My father always told me, “time speeds up as you get older,” and as a little girl I certainly doubted this strange idea of time and space. It seemed time was always against me as it dragged on and on, especially on hot summer days when I would beg my mother to take me swimming. “Pretty soon,” was the answer, and what does “pretty soon” mean anyway? What did pretty have to do with soon? They didn’t seem related at all.
Fun time always went so fast, and it felt like the wind was at my back pushing me quickly ahead and my feet were racing forward running, jumping, climbing, swimming or dancing in the latest recital. I loved anything with a motor or wheels, and at 11 years old got into a lot of trouble when I drove my daddy’s two-ton, five-gear, flatbed truck through his new ranch-style pine fence. I failed to understand his stern reaction about the “accident” to my face, but he laughed like crazy when he told his friends.
A few weeks later I was learning to shift gears in my brother’s 1948 Chevy. I backed the jalopy to the end of the driveway slowly, hoping my father’s nap would continue, then slid forward in the car seat as far as possible, stretching my left foot and placing it on the clutch, then placing my right toe on the gas and with a rhythm only known to those who have driven stick-shift vehicles, I lunged forward in a shaky manner and the car zoomed forward. So energized by the thrill of driving the 200-yard race course, I didn’t notice my father at the front door in, God forbid, his boxer shorts underwear. When my Dad was really angry, proper attire wasn’t an issue and living out in the pre-suburbs (before we had neighbors) was to his advantage.
During my early youth, if I wasn’t to be found on the roof, I was setting up a tea party in my brother’s tree house or hanging upside down in the neighbor’s backyard swing set. Setting still wasn’t an option, and I’m sure I’m now getting a payback from my early antics via my grandchildren, as both of my little ones have now acquired riding lawn mowers to “play on,” thanks to my husband!
Every time I leave home for a Feng Shui event, they plot against Grandma, with Grandpa at the helm. The two innocent lawn mowers had no motors when I left for the International Feng Shui Conference, and I assumed that is the way they would stay for a couple of years. The little demon motorless things were only “for play,” I assumed, and as I always advise my clients NEVER ASSUME, as I have learned with TIME, I ignored my own advice. Other people have other agendas and can exert free will when other people are out of sight. Other people (my husband) got on eBay and found motors for the old, but fun, shells of lawn mowers and installed then into the motionless toys. Now my six-year-old is driving all over our four lots. Payback is sweet. Leave home and control leaves with you.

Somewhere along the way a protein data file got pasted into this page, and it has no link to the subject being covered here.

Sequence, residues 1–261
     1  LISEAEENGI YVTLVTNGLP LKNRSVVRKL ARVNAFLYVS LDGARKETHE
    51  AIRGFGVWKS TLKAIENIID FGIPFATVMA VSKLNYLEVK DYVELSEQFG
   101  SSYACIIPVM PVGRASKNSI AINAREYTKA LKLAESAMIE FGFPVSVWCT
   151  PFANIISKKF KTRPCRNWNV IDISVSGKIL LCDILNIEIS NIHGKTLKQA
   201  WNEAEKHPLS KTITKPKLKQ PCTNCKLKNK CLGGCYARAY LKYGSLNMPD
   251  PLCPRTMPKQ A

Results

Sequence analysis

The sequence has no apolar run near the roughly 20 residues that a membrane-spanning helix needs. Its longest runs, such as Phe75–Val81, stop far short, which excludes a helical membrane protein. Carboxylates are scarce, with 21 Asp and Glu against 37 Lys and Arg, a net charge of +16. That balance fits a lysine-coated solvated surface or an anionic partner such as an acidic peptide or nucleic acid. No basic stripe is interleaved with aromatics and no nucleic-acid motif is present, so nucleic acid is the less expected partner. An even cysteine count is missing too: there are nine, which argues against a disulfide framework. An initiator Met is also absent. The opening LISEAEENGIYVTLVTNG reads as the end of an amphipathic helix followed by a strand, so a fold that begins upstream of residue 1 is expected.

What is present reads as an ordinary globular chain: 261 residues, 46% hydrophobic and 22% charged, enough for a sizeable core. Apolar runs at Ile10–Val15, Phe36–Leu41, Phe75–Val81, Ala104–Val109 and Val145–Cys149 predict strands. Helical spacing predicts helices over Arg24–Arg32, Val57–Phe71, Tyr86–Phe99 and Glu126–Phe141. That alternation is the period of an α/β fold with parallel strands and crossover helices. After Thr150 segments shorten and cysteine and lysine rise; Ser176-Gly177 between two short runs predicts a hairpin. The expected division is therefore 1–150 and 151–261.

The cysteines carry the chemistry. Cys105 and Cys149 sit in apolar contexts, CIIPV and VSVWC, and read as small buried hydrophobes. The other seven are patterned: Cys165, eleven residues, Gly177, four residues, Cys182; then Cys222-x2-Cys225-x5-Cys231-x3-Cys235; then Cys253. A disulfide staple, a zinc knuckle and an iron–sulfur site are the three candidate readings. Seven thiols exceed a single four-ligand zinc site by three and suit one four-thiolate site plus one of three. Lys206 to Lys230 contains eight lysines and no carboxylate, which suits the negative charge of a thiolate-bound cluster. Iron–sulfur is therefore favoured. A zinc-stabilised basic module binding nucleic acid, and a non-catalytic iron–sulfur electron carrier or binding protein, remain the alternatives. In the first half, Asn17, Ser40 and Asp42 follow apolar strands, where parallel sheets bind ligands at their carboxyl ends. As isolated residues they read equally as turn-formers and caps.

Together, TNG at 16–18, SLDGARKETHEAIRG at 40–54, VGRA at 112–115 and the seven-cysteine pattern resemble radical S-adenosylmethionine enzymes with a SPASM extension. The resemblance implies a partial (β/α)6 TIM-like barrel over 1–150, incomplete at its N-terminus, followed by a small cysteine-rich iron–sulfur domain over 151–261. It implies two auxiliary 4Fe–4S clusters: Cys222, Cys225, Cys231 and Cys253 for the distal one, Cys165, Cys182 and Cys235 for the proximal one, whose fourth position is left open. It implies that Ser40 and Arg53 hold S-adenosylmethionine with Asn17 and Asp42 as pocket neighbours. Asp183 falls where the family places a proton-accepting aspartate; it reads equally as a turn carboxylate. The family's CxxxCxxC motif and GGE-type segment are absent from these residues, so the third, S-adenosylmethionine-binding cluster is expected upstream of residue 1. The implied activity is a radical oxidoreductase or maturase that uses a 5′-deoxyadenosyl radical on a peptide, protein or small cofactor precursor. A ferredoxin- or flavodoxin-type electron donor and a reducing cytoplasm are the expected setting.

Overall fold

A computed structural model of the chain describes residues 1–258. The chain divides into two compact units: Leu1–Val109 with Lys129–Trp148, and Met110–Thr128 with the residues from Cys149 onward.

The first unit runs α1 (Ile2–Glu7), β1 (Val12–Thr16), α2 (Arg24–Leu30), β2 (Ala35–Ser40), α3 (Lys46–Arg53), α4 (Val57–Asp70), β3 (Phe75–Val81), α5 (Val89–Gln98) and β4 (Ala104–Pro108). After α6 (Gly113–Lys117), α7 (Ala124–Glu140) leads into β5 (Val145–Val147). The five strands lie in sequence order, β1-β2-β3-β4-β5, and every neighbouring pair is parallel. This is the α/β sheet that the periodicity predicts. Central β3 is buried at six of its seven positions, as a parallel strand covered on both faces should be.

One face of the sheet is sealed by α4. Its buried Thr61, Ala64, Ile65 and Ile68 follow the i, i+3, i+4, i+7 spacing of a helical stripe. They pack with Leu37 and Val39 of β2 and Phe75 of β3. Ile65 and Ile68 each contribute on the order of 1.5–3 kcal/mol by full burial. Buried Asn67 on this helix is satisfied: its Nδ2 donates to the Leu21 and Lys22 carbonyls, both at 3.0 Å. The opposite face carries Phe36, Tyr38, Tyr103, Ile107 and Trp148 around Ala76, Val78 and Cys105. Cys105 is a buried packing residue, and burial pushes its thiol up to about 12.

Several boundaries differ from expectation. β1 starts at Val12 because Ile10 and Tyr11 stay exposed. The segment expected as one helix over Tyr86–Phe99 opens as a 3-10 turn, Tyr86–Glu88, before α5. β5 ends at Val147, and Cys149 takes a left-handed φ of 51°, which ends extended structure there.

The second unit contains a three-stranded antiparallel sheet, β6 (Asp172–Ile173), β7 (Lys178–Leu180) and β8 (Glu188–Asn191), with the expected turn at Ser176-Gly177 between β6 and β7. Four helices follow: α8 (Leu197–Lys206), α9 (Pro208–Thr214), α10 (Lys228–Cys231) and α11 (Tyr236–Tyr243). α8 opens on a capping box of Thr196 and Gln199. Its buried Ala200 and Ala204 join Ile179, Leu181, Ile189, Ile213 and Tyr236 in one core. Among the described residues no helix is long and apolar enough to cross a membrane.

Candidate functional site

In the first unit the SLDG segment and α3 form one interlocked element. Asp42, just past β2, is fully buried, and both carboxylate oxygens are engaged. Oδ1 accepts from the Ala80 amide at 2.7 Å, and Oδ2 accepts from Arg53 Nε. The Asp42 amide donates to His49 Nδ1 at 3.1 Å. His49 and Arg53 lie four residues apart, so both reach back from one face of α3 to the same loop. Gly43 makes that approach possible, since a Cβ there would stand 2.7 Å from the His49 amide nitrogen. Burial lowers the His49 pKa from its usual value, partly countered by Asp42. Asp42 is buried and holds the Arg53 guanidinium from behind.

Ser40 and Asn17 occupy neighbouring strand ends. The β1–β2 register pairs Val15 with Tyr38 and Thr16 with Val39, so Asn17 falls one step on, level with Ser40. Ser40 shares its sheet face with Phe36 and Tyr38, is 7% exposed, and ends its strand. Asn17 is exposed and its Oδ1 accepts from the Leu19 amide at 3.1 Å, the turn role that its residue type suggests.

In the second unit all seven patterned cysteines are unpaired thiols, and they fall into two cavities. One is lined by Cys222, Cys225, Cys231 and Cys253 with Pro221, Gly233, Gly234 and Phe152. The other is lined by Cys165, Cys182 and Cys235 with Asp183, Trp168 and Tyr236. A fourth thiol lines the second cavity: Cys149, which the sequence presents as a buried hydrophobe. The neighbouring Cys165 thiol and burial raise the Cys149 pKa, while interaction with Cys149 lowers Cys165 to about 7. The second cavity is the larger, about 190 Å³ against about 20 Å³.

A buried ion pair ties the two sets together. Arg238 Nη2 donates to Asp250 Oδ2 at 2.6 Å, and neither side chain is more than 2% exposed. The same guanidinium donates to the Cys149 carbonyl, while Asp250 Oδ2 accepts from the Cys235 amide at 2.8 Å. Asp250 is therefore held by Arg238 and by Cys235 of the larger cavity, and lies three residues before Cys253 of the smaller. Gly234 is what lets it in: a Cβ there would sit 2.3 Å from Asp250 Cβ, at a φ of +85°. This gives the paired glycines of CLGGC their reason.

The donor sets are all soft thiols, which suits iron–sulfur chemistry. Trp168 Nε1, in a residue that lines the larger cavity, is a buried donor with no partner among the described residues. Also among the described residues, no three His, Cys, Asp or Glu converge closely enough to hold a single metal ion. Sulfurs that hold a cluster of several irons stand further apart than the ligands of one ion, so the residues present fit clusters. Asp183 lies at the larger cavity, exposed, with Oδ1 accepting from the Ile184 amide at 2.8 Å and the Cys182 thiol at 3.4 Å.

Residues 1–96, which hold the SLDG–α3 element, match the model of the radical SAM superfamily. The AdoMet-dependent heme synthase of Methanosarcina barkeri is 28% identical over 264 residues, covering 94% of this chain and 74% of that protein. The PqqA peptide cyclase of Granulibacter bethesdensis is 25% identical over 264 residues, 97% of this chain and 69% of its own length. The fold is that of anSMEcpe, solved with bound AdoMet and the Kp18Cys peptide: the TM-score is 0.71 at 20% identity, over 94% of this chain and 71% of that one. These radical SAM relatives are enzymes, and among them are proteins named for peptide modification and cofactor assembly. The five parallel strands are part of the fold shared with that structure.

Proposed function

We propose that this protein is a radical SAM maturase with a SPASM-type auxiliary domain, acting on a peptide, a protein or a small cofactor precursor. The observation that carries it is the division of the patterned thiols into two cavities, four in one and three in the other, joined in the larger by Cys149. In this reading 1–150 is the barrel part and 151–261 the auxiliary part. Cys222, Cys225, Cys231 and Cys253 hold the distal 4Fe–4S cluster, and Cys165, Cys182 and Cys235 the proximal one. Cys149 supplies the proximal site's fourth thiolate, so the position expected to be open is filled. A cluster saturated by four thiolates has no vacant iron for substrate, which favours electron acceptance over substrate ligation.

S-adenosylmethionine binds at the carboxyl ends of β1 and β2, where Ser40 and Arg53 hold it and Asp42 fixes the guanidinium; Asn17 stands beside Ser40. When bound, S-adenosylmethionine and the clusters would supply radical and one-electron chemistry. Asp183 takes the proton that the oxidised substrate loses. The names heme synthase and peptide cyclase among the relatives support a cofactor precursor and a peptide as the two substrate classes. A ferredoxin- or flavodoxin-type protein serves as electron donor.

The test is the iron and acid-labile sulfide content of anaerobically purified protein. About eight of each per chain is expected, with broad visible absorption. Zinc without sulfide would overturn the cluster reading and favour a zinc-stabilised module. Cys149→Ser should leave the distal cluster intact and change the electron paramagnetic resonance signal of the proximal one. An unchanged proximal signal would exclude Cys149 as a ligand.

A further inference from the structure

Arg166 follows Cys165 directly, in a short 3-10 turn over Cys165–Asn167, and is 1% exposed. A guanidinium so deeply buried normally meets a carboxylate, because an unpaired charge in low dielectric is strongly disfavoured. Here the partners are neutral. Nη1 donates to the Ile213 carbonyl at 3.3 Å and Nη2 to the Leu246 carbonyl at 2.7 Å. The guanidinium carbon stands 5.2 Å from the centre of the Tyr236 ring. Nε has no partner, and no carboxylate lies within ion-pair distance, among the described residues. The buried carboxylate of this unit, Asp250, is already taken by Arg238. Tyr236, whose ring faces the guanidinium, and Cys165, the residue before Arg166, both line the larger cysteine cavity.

Learning the energies of your family can be enlightening and life changing. Attending the recent Conference in San Luis Obispo for 6 days was a delight. Presented by Roger Green, internationally known for his seven schools of Wind and Water or Feng Shui throughout the world, he is one of the top authorities on the Art of Placement. His teaching abilities and experience into the world of Compass School mysteries is extensive. Translating the Chinese Lo P`an Compass into English over 20 years ago has been the catalyst of transformation for the Western world in understanding Chi or unseen energies which flow into every space.
I had made contact with Roger several months ago to ask him if I could present my new Feng Shui art series called The Five Elements. He was intrigued by the idea, and I promised I wouldn’t embarrass him with the quality of my paintings. I figured I would have six months of leisure time to produce the work. And then life moved rapidly forward as I went to China with Master Lin Yun’s group for three weeks, to see where Feng Shui began. Consultations and speaking engagements greeted my return and all of a sudden, TIME was flying by quickly and I could see myself “in a world of hurt,” as my husband likes to say.
I warned everyone in the family to not talk to me or ask me for food for two weeks, but I had forgotten my daughter from the Bay Area was coming for a birthday invitation the coming week, oops! My daughter and I played for another week, sailing on a charter boat with a garden group to Friday Harbor to Pelindaba Lavender Farm (www.pelindaba.com), a beautiful trip on my friend’s charter boats called the Paracletes (www.paracletecharters.com) with Barbara Blossom Ashmun, weekly columnist for The Better Homes and Garden magazine. What fun! Barbara is a delight, very approachable and was very interested about Feng Shui and the shapes of gardens which enhance the outdoor living spaces. We talked the afternoon away as the chartered boat sailed through the San Juan Islands and home to the Mainland of Washington State.
The last week was approaching, and I began to go a little wild looking at the blank canvas and the deadline one week away. My daughter, who had turned into a lovely woman many years ago, when TIME still seemed forever, reassured me that I would pull “it” off as always, which gave me new confidence, then turned and waved a goodbye she boarded the shuttle back to the airport. As a child and a teenager, she spent many hours waiting for me to finish teaching art classes and was usually bored and mad as my classes dragged on, according to her analysis.
The countdown was now at five days, and I became totally serious as I positioned the first 48 x 48 canvas on the art easel. I put a new CD into the player and listened as my new music tape from Gaia filled the house with balancing music and I began to visualize the Element of Wood. I looked out my west window at the 200-foot cypress trees and put the brush to the canvas. Five Elements in five days, may the Gods be with me. (Continued next week – Time, the five Elements, and purpose).